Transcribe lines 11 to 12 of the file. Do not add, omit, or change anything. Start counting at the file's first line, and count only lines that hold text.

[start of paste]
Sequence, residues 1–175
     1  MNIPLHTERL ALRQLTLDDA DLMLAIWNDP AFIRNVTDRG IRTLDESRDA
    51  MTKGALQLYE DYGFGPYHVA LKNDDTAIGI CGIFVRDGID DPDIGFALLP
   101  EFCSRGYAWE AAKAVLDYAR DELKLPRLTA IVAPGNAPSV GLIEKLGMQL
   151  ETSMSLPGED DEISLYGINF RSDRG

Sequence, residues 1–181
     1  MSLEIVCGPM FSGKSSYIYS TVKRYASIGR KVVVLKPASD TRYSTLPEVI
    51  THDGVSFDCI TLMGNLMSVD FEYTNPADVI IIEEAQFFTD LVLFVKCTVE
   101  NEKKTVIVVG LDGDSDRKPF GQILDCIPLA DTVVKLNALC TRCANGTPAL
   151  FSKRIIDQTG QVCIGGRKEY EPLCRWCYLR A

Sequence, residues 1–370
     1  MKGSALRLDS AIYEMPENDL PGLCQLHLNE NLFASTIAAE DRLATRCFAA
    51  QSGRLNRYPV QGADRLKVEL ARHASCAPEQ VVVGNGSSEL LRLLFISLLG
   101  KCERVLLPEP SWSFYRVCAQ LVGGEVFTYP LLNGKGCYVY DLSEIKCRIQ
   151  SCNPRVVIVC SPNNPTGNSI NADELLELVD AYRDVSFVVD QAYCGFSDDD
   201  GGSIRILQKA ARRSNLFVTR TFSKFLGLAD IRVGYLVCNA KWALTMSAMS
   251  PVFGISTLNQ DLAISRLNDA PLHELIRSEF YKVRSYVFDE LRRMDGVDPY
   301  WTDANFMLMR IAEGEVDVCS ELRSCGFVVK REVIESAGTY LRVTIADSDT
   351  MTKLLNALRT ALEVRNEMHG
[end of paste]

Sequence, residues 1–370
     1  MKGSALRLDS AIYEMPENDL PGLCQLHLNE NLFASTIAAE DRLATRCFAA